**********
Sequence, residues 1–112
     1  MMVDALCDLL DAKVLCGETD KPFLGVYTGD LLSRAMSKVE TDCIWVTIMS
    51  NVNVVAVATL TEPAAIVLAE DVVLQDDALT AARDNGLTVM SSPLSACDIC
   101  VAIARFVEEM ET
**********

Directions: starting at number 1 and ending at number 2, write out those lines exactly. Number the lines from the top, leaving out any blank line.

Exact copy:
Sequence, residues 1–112
     1  MMVDALCDLL DAKVLCGETD KPFLGVYTGD LLSRAMSKVE TDCIWVTIMS